Before giving up the stage, Daniels took the time to stress the importance of technology to agriculture and feeding the world. Referring to individuals and groups who oppose technologies, such as genetically modified organisms, he said “It’s borderline superstitious.”
“One can search in vein in scientific literature for any hazard of GMOs and like technologies,” Daniels said. “So that’s pretty odd all by itself.”
He explained that the number “feeding 9 billion people by 2050” is not a projected number that might happen; it’s a mathematical certainty.
“This fear of technology and apprehension is not new,” Daniels said, noting that historically, those who have feared or resisted the adoption of technology in the workplace were left behind or out of a job. “But this is an inversion. We have wealthy people who fear this technology saying ‘if you can’t eat, that’s your problem.’ This is a moral argument and that high ground needs to be seized and taken. It’s bogus to try and alarm people with these fictional stories. Those who oppose GMOs should be labeled as cruel, heartless and immoral with their anti- stories.”
Daniels explained given today’s technologies that are currently in use and the technologies that are coming down the pipeline that there’s no reason why the seed industry and agriculture in general can’t meet the grand challenge of feeding 9 billion people by 2050.
Wednesday, June 11, 2014, 2:03PM
Today, the American Seed Trade Association kicked off its 131st Annual Convention in Indianapolis, Indiana, with a focus on characteristics that make up large commercial producers.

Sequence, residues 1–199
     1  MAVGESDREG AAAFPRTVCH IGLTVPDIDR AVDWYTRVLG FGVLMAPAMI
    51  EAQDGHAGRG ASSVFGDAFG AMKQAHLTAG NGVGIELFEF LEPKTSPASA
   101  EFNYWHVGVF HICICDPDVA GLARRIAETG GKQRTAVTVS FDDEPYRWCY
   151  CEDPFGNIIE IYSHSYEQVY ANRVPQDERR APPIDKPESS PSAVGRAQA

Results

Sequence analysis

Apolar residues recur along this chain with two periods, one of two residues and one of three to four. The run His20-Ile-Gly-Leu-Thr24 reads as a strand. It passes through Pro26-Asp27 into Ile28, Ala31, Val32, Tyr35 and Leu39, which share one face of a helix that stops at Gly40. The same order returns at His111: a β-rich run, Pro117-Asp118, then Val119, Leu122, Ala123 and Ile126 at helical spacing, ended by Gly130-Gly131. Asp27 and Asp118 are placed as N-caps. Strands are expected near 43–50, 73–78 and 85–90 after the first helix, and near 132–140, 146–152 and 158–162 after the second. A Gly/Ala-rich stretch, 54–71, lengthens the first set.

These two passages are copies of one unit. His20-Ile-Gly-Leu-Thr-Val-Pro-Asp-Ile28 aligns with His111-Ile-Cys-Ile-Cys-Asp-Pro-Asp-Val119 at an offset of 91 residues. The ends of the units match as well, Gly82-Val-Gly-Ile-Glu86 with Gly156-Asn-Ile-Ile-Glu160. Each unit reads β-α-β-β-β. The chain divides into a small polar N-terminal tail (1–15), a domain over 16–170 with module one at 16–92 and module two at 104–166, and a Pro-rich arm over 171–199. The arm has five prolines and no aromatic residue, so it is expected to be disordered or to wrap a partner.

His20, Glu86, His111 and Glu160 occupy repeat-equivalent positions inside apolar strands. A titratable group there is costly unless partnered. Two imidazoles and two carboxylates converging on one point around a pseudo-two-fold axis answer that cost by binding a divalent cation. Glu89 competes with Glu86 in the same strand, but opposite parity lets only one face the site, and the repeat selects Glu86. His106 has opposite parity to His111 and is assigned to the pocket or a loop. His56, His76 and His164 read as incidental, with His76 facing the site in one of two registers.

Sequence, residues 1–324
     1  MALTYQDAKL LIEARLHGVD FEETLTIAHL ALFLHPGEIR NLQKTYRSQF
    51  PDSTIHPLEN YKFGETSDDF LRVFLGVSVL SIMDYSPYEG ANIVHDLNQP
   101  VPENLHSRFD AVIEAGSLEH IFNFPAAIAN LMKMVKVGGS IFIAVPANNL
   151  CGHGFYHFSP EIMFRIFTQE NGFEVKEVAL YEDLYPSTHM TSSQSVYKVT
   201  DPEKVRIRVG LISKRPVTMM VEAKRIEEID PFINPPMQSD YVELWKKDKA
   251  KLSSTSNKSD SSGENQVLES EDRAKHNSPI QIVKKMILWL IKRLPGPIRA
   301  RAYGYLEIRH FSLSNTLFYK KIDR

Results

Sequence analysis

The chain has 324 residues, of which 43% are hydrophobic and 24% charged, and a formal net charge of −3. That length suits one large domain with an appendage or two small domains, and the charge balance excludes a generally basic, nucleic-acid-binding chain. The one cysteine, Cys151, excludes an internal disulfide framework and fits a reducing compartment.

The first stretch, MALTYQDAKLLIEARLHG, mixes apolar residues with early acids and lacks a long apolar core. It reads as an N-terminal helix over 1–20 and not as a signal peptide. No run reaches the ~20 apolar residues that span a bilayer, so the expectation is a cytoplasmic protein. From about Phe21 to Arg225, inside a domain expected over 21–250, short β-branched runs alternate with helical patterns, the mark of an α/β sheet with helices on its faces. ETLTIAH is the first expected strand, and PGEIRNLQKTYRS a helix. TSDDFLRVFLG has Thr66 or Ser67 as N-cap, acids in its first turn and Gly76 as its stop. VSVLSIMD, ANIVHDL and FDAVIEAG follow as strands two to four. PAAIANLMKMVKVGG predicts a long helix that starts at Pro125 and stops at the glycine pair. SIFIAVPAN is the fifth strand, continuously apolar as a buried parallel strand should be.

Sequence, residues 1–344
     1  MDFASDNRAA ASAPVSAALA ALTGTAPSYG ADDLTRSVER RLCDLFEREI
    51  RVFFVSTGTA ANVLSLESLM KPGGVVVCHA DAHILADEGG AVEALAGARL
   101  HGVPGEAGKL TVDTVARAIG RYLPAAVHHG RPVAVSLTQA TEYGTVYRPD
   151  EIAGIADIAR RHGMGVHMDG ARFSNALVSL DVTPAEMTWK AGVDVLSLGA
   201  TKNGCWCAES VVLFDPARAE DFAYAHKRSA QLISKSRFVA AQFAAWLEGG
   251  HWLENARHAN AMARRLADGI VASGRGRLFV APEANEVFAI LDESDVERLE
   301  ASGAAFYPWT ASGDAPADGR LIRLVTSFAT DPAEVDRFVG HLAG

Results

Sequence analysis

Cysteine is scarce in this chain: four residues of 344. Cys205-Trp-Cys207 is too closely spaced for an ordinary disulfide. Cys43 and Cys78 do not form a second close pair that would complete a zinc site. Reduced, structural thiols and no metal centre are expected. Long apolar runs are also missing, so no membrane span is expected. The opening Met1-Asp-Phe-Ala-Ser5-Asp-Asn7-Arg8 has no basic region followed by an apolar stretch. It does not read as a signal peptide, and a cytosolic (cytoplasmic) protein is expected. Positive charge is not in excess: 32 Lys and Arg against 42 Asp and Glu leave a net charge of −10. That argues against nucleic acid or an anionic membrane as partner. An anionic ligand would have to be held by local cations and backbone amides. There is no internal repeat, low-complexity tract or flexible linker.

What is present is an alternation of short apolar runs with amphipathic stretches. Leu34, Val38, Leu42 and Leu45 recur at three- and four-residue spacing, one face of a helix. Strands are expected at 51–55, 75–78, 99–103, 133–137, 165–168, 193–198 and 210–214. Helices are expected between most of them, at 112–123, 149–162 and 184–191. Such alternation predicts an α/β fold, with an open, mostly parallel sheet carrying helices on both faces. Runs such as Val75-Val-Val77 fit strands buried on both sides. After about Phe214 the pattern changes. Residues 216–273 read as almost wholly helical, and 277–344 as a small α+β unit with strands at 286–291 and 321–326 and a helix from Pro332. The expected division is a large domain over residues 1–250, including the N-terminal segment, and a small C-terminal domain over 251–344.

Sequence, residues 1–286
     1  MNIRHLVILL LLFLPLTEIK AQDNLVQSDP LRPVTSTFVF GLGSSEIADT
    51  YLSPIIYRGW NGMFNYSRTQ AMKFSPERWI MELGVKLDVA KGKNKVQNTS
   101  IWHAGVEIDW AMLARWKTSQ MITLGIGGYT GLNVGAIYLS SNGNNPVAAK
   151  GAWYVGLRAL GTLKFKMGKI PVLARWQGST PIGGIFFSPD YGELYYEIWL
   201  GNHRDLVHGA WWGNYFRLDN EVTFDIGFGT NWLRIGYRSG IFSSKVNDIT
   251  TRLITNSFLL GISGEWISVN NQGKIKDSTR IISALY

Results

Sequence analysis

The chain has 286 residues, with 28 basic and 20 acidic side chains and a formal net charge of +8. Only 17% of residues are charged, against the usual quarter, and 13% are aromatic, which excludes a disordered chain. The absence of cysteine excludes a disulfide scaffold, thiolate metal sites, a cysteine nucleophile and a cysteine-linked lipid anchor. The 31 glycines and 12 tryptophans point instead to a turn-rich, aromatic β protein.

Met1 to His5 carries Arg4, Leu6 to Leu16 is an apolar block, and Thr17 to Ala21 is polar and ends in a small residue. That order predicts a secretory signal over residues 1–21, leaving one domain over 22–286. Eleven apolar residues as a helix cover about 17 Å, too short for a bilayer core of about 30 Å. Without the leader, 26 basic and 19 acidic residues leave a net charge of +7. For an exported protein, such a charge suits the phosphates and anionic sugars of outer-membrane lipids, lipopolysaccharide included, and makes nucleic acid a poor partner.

Every five years, Purdue University’s Center for Commercial Agriculture conducts a large commercial producer survey, which measures how farmers make their decisions, how they prefer their information, buying preferences, customer loyalty and attitudes toward growth.
“This survey is important because production ag is changing and the marketplace is changing rapidly, says Brent Gloy, an associate professor in Purdue’s Department of Agricultural Economics.
Gloy says it’s important to note that it’s not a one-size-fits all sector. “We need to have differentiated strategies for each farming sector — mid-size farmer, the commercial farmer and the larger farmer,” he says.
In the corn and soybean sector, large farmers are classified as having 5,000 and more acres. Of the 1,670 survey responses, 771 of them were corn and soybean growers.
When it comes to how large farmers make purchasing decisions with respect to seed, Gloy says that only 18 percent of your customer base always put price first.
“Farmers really care about product performance when it comes to seed,” he says. “Large farmers are way more focused on performance than the other categories of farmers surveyed. As we breakdown the responses and look at only large producers, the performance characteristic actually expands. Keep this in mind, large farmers are more performance driven than price driven.”
However, later in the session, Gloy noted that it might be because as large producers they’re not as concerned with getting the best price for seed because they expect it.
When looking at crop protection, survey data shows that 59.3 percent of all farmers are performance driven. “When you look at just the large farmer sector, 72 percent of them are focused on performance with price closely following,” Gloy says.
When the focus turns to the fertilizer sector, 17 percent of all farmers are relationship buyers, according to the survey. “This is the biggest segment focused on relationships,” Gloy says. “When you look at just the large farmers, about 10.2 percent of them are relationship buyers when it comes to purchasing fertilizers.”